F.S. Ganglia identification

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From:BB racing <bbracing@silk.net>
To:Histonet <histonet@pathology.swmed.edu>
Date:(No, or invalid, date.)
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Linda: re your problem of ganglia identification in F.S biopsies
The following is a method that I worked out in the early 70's when for some unknow reason we had a dozen or so babies born, over a short one year period, with, or suspected of having Hischsprungs disease.  The method is very simple and very rapid, and should solve your problem.  It is based on the fact that ganglia are quite rich in the dehydrogenase enzyme, which is quite easy to detect, and stands out very clearly in the frozen section material.

1.  Cut your frozen section at between 6U to 10U (the thick sections make it easier to detect the      ganglia if they are sparsely located in the biopsy)
2.  Pick your sections up on a slide (charge slides work best) and air dry for one minute.
3.  Pipet a few drops of substrate directly onto the slides at room temp for 10 min. ( I usually cut      two slides and remove one after 5 min, and it will quite often be well stained)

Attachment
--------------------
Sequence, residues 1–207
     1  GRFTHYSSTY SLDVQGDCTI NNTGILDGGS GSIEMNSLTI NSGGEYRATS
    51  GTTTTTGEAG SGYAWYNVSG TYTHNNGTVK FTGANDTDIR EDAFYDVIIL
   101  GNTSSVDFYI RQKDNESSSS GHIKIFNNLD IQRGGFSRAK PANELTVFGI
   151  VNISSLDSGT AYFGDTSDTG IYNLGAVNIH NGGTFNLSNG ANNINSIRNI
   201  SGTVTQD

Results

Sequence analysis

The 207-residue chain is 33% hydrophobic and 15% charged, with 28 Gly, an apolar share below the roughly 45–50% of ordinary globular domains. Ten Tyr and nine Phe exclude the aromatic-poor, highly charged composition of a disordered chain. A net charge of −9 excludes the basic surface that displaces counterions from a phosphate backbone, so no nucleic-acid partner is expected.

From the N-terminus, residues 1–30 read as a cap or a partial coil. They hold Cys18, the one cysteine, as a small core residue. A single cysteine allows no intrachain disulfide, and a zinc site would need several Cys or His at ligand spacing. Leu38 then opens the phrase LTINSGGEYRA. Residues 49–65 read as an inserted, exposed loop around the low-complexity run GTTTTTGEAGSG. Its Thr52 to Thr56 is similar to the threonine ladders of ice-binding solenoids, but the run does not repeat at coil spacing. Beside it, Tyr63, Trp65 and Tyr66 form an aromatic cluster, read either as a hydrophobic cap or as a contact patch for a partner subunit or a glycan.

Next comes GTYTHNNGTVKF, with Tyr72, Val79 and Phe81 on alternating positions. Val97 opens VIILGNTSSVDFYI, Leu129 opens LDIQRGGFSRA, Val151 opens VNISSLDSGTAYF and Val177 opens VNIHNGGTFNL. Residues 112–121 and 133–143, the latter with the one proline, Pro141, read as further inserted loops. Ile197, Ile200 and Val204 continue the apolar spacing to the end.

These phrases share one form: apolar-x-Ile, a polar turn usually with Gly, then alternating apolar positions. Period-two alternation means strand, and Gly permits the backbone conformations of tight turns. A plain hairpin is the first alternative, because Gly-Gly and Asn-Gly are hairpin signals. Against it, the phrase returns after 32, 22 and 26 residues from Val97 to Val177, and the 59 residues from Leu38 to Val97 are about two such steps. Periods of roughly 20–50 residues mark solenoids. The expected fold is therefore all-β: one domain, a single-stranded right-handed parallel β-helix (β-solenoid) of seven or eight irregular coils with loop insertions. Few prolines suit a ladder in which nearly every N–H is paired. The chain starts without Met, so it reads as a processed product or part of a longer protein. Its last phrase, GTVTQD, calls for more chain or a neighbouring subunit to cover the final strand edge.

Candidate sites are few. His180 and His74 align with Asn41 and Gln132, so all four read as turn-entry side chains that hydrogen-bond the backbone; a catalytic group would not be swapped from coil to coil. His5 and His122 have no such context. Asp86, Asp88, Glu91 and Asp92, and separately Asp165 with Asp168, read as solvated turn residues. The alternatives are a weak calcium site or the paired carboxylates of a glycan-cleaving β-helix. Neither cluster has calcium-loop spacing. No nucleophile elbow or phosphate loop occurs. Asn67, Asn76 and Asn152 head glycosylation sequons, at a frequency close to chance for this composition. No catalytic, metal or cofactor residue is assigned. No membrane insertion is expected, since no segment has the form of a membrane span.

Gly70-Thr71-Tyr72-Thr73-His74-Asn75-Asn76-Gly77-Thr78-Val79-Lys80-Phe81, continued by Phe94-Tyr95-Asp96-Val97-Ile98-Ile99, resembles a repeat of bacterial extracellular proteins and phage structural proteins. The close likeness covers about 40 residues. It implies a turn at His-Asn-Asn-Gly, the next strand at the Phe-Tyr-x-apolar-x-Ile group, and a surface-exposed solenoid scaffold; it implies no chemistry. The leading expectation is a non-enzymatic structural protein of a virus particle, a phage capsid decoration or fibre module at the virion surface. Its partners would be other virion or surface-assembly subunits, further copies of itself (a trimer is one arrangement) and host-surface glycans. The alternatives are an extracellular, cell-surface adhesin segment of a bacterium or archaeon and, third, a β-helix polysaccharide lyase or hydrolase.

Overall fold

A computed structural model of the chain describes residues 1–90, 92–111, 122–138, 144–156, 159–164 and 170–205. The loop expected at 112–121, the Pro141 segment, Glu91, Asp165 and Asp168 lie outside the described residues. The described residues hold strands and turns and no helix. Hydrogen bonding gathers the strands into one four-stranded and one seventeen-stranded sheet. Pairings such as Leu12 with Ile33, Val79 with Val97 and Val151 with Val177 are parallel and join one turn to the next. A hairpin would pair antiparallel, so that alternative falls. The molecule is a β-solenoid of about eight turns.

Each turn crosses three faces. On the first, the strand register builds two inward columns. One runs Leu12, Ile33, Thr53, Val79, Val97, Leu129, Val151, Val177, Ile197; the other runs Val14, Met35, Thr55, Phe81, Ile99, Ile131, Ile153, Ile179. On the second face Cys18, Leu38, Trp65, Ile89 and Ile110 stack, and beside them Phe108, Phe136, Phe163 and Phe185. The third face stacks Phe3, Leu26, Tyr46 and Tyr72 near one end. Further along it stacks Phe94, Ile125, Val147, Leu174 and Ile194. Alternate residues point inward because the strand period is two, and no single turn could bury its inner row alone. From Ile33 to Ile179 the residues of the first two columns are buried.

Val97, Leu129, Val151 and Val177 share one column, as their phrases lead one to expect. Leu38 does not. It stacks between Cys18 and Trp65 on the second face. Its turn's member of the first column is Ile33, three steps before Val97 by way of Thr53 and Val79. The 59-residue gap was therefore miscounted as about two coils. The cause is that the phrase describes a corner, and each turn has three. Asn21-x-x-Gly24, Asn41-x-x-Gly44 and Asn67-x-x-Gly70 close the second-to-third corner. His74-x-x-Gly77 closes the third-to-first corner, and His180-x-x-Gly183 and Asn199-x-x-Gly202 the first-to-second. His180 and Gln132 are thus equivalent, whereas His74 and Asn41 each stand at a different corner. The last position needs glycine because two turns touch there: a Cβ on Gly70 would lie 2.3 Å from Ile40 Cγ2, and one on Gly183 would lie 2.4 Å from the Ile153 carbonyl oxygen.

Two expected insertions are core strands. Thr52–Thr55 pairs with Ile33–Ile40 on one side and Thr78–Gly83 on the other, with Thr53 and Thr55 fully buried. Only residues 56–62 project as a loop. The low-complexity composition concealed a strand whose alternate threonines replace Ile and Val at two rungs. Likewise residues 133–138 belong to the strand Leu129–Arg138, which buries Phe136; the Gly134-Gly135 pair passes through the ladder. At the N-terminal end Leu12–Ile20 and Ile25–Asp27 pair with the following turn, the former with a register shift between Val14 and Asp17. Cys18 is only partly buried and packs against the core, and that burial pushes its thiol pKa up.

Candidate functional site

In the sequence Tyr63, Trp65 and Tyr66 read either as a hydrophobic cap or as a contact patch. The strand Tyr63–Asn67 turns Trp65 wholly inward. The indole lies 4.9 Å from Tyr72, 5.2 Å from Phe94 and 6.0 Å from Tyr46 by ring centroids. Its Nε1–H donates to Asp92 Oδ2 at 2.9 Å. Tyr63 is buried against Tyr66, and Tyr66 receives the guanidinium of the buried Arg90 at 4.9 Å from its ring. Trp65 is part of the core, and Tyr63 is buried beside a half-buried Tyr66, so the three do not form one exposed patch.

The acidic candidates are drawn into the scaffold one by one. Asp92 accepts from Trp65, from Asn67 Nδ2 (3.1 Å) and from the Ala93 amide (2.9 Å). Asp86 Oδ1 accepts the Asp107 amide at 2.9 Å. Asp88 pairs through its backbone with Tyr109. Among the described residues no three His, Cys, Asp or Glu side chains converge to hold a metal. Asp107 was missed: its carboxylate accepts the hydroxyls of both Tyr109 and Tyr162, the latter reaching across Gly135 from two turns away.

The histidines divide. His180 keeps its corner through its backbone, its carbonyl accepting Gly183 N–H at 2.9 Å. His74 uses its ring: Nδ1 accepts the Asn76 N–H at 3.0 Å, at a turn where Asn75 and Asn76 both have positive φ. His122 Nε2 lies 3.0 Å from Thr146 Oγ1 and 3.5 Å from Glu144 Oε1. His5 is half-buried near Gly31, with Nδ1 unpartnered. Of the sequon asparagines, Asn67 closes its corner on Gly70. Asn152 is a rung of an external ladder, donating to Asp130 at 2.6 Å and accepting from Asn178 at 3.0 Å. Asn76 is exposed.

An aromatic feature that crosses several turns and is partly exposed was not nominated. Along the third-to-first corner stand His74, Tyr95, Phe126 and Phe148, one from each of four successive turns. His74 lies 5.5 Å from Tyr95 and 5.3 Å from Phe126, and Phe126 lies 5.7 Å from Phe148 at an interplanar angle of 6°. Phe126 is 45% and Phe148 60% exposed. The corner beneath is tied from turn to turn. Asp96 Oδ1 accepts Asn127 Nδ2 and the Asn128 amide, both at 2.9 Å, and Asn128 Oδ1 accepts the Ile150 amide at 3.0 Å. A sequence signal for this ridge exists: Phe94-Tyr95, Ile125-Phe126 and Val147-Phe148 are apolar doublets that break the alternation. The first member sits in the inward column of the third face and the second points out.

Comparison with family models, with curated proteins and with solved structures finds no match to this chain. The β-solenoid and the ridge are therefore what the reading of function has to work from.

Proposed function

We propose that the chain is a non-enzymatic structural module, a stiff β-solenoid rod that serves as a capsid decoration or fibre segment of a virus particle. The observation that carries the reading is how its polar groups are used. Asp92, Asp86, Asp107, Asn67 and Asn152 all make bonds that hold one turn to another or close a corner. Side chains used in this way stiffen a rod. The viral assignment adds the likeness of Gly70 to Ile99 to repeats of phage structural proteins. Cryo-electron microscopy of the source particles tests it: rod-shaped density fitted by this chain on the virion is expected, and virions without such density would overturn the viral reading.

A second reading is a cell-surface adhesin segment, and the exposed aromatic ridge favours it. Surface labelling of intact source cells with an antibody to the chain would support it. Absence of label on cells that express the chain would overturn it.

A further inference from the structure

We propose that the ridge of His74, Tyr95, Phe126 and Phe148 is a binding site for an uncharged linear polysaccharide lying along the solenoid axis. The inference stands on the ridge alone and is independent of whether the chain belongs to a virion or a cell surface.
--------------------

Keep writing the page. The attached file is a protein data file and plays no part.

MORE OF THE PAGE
4.  Rinse the sections in water to remove any precipitate.
5.  Dip the section for one to two dips in an eosin counter stain ( I use 0.5% eosin in 70% alcohol      with a drop or two of acetic acid)
6.  Rinse in two changes of 100% alcohol, clear in two changes of Xylene and mount

Ganglia stain vivid Blue against a red or pink background.

Substrate  solution
Vernol buffer pH 7.4                            --- 2.0 ml
Nitro Tetrazolium Blue (sigma N6876) --- 2.0 mg
Distilled water                                     --- 2.0 ml
Add above solution to a 5.0 mg vial of T.P.N.H (sigma N1630) and use immediately

Vernol buffer pH 7.4
Sodium Barbitol  -- 1.0 gm in 100mls distilled water
Con HCl  --  4.0 mls in 1000 mls distilled water
Mix 56ml of the sodium barbitol solution with 44 mls of the HCL solution, and it is usually right on pH 7.4

Down in the States you may have problems getting the sodium barbitol, so if you do, I would think that most any other similar buffer at pH 7.4 would work as well.

Kerry Beebe A.R.T.
Histology Supervisor
Kelowna General Hospital
Kelowna B.C. Canada

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